What factors, both internal and external, influence the conclusion?

The internal aspect of a valuation exercise concentrates on your employees, your systems and procedures, and on the products and services you sell. How do they compare with your competitors both in your own industry as well as in other similar industries? If your people, products, systems and procedures are not ‘best of breed,’ what can you do to change them? You may need to determine how trends and developments in governmental regulation, both on a national as well as a local level, affect your operations. Often in a recession, it is possible for well-positioned companies to make dramatic increases in their market share as weaker rivals falter. Finally, a valuation analysis may result in you making necessary modifications to your internal cost structure.

Looking at your company from an external perspective takes a different approach. A potential buyer of your business would probably examine it using three main methods, commonly known as the income approach, the market approach and the asset approach.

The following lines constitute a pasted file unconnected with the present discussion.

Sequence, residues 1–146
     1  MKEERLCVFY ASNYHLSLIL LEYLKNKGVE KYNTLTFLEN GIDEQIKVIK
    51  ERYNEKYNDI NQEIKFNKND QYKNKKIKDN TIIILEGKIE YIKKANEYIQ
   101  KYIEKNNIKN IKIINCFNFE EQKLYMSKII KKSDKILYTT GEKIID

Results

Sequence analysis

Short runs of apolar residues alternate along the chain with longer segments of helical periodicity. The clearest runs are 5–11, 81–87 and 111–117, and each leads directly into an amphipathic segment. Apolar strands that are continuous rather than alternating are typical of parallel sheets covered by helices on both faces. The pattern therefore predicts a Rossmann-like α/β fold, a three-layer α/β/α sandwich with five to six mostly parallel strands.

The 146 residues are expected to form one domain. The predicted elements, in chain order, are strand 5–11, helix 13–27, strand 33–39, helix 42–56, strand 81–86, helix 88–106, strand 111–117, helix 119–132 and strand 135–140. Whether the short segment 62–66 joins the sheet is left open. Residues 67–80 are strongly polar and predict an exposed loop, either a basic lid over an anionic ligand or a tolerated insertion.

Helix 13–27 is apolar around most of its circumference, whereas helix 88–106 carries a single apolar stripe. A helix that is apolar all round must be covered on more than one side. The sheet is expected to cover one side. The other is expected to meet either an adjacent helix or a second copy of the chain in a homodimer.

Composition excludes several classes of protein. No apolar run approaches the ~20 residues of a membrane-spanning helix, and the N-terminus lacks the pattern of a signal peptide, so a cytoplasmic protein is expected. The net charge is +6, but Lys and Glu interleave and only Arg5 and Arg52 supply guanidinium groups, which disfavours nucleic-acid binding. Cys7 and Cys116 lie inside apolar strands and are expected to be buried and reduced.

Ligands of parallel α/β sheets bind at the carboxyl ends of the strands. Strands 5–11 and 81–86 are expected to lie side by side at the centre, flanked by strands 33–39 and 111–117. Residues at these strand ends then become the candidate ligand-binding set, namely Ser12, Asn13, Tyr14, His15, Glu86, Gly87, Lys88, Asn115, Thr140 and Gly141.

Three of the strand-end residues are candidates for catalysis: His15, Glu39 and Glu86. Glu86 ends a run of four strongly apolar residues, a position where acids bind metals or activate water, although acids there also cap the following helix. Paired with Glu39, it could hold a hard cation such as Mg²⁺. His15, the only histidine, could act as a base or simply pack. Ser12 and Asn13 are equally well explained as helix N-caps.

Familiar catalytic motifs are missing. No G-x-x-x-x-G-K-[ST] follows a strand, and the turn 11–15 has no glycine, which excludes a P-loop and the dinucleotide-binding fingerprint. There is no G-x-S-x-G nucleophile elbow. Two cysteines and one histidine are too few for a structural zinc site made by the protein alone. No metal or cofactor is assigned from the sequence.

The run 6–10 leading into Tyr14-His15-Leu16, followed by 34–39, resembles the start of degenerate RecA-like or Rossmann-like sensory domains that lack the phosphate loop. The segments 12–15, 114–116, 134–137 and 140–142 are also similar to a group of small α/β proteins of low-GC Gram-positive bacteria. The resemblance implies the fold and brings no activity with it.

The income approach estimates current and future net cash flows over a time period extending into the future and then applies an appropriate discount rate to arrive at a present worth given the risks, uncertainties and competing demands for capital. A market approach looks for actual sales of comparable companies, then makes adjustments for the unique aspects of your company in relation to them. An asset approach takes a detailed and hard look at your company’s balance sheet and adjusts individual assets and liabilities to their fair market values.

Once a value has been established, then what?

Once you’ve completed this analysis, you should have a more targeted picture of the necessary adjustments your company should make to improve its performance. You’ll still have to execute those strategies in the marketplace every day, but at least you’ll have been diligent and thorough in seeing both the trees and the forest as they exist in harmony. You will have a greater understanding of the value you might ultimately receive for your company. You’ll also have a starting point and a roadmap to pursue in order to achieve your long-term objectives and attain the growth and value you want to realize for your company in the future. In order to stay on course, you may want to consider implementing an employee bonus structure to empower your human capital with appropriate incentives to help them achieve your company’s targets in the business plan.

Adam S. Minow, CPA, MBA, CFF, certified valuation analyst, is a manager for Glenn M. Gelman & Associates, Certified Public Accountants and Business Consultants. Reach him at (714) 667-2600 or aminow@gmgcpa.com or visit www.gmgcpa.com.